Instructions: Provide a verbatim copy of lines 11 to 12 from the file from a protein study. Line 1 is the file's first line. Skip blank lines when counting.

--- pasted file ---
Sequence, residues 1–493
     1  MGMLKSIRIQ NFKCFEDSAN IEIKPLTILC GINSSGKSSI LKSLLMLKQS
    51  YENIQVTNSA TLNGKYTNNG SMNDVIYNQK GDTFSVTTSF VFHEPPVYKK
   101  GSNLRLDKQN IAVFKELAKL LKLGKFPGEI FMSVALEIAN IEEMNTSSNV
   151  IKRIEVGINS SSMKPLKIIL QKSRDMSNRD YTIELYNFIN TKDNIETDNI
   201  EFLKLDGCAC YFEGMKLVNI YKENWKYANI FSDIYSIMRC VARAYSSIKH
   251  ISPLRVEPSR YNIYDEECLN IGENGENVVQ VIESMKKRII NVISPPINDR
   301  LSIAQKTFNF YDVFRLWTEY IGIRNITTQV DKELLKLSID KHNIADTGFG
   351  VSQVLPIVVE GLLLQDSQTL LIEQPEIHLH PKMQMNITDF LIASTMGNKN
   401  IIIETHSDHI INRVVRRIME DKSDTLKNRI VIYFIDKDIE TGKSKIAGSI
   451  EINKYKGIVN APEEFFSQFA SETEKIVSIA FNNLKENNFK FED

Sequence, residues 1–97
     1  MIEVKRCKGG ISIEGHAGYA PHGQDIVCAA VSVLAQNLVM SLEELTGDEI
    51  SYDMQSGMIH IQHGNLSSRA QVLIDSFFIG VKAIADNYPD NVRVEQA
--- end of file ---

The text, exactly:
   451  EINKYKGIVN APEEFFSQFA SETEKIVSIA FNNLKENNFK FED

Sequence, residues 1–97